One of my top ten of all time favorite movies just turned 20 this past weekend -- Curtis Hanson's Wonder Boys, adapted from Michael Chabon's novel and starring Michael Douglas and Tobey Maguire and Frances McDormand and Katie Holmes and Robert Downey Jr. -- oh and, lest we forget an Oola, this week's banner woman Jane Adams! -- the movie boasts career best work from several of them and is just a warm blanket I slip on whenever I need that sort of thing. For any Humanities fetishist it's the Dream, the Platonic Ideal -- small college town, snow, characters... to paragraph Michael Douglas's character, lucky for me this movie manufactures my drug of choice.
Hey @criterion I'm reeeeally gonna need you to put WONDER BOYS onto blu-ray for its 20th (!!!) anniversary next year #neverforgetanoola pic.twitter.com/M9RrCMln86— Jason Adams (@JAMNPP) August 21, 2019
If you've never seen it, change that immediately, but here's the gist: Grady Tripp (Douglas) is n English Professor at a small New England Liberal Arts College. His wife has just left him, his mistress Sara (McDormand), who's also married to the chancellor of the college, is pregnant, and he's found himself caught up in the dramas of a talented young gay writer James Leer (Maguire) in his class. All of this comes to head as an annual literary festival, WordFest, descends on the sleepy hamlet, bringing Grady's agent (RDJ) into town as well to nag at Grady about his long unfinished book.
Yes I wrote that plot description without looking up a good goddamned thing -- this is a movie I've seen so many times I could narrate it from start to finish. And it's the perfect movie for that since narration is both a device used by Hanson within the film (Grady narrates the film telling his story) as well as a subject in the actual plot -- the characters, who are mostly writers, often begin randomly narrating their lives, a sort of distancing themselves from it which gets them into trouble more often than not.
Anyway did I mention this movie is perfect? It is perfect. My love for it is perfect, every frame is perfect, and there are about a billion characters in it that are each and every single one perfect. On that note I figured why only give love to the well-known bits -- for a second I considered doing a list of just line readings by Frances McDormand, who is absolute genius in this, but I want to spread the love. So here's something a little more random, as is my predisposition, and yes again I rattled each of these off from memory, because me and this movie are LIKE THIS. (I am wildly gesturing a big hug.)
5 of my Favorite Line Readings from
Cameo Characters in Wonder Boys
"I mean, Jesus, what is it with you Catholics?"
Sneered by James Leer's classmate in the opening scene, this is how his contemporaries delicately review his work. And this is the moment that slips me right back into that frame of mind, that place, those war-zone classrooms. I'm hooked from then on. Oh I know this place!
"Oh right. The Book.
I hope it's really good, Grady."
The great Philip Bosco playing Grady's soon to be ex-wife's father, devastating Grady's entire self-obsessed world-view with one withering read -- The Book. That fucking thing.
"So Professor Tripp, is all that stuff true, about Errol Flynn? How he used to put paprika... on his dick? To make it like, you know, more stimulating for the chick?"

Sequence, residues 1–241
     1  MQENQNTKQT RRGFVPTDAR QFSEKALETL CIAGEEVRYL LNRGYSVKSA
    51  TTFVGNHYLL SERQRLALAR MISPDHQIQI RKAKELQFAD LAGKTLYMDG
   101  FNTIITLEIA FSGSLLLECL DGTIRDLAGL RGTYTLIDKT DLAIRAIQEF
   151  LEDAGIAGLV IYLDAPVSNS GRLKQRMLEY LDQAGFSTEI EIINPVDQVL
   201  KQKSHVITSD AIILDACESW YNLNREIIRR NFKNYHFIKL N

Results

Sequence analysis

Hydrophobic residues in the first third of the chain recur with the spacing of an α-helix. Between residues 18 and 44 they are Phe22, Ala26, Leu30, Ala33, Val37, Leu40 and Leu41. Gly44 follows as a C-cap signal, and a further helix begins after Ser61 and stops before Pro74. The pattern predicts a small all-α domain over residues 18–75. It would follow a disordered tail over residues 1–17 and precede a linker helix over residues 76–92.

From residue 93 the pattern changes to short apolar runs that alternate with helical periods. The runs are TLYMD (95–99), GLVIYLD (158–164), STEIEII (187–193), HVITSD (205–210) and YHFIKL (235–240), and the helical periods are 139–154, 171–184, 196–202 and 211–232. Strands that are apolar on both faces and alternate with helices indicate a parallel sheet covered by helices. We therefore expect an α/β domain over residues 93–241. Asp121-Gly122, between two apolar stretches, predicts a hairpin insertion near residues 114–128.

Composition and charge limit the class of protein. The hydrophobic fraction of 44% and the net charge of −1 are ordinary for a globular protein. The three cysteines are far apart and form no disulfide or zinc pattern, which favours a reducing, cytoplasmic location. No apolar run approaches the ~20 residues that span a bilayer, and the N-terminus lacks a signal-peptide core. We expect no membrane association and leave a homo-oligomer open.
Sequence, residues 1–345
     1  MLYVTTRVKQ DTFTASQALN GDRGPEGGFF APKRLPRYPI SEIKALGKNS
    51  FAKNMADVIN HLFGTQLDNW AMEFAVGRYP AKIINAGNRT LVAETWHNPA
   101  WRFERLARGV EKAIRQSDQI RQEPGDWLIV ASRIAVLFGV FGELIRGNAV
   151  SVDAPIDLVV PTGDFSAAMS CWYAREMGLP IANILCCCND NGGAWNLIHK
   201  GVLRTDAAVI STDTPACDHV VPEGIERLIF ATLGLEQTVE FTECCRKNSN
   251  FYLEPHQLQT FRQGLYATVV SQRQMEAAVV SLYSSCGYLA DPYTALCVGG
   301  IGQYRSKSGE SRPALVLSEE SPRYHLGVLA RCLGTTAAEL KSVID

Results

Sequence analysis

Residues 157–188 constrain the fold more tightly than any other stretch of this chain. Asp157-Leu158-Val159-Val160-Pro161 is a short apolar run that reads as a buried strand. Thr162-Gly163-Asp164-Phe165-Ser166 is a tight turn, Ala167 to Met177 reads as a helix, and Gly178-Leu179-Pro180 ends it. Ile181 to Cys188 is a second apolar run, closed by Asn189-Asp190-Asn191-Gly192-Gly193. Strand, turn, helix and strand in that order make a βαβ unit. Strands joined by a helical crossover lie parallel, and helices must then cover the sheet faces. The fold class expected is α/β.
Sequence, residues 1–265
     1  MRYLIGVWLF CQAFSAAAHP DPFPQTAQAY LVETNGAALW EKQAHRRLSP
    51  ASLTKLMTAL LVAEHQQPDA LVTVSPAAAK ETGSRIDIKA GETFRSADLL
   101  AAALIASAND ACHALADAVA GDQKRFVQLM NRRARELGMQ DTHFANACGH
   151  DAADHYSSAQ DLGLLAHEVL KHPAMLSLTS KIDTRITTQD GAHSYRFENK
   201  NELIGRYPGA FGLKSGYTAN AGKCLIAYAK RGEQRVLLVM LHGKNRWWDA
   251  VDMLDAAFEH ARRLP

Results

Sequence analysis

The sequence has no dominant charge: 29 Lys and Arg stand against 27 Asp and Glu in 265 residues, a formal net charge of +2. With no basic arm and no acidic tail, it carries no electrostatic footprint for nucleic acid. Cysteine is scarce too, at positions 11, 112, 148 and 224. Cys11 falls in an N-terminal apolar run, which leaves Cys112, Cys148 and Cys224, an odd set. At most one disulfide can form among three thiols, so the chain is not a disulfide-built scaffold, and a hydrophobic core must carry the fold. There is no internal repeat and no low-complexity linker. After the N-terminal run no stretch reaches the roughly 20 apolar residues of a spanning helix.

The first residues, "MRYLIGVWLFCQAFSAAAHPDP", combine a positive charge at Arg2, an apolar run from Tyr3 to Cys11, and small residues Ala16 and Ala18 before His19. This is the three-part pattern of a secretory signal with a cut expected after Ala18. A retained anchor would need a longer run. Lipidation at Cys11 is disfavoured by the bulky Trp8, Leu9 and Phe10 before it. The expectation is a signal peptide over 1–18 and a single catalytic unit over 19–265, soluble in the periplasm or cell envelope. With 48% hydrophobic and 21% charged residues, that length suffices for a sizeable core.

Traxler (played by our beloved Alan Tudyk of Firefly fame) is giving Grady a ride and just randomly drops this question out of nowhere (turns out he noticed a biography of Flynn in the backpack Grady's holding) and I promise you -- this line is all I hear whenever I have seen Errol Flynn for the past 20 years. And Grady's flummoxed response, where he makes up a long list of things that Flynn did indeed rub on his dick (ground lamb!), always makes me howl.
"Tony. Now that I'm home."
The character of "Miss Antonia Sloviak" played by Michael Cavadias is one of the pieces of the film that's definitely dated in the past 20 years. She's repeatedly referred to as a "transvestite" and played as a visual punchline for awhile, but I think (and you can tell me if I'm wrong about this) the film makes up for it with this scene where Grady gives her a ride home -- everybody's always giving everybody rides in this movie, which also rings very true to my college experience -- after RDJ decides to chase Tobey's twink ass instead. She takes off the wig and make-up and Cavadias, in this minute or so of screen-time, paints a fascinating mini-portrait of what Antonia / Tony's life must be like, returning to this liberal town that's as close-minded as any place in this country. Like so many of these people you want to follow Tony off when he gets out the car and find out Antonia's story.
"So what was it about? Your book.
What was the story?"
Never forget an Oola! My beloved Jane Adams (just two years post-Happiness) shows up early in the film as the pregnant waitress as the local pub with a name-tag that says OOLA in big white letters, and then not again until almost the end, as everything has just collapsed around Grady. His book's blown to the wind! And Jane Adams, bless her to the heavens, cuts through the shrieking and chaos and weirdness and delivers this line with such warmth and friendliness, bringing us right to what matters. The Book. Oola more than earns that Marilyn Monroe jacket and her own happy ending.
So what are your thoughts on Wonder Boys?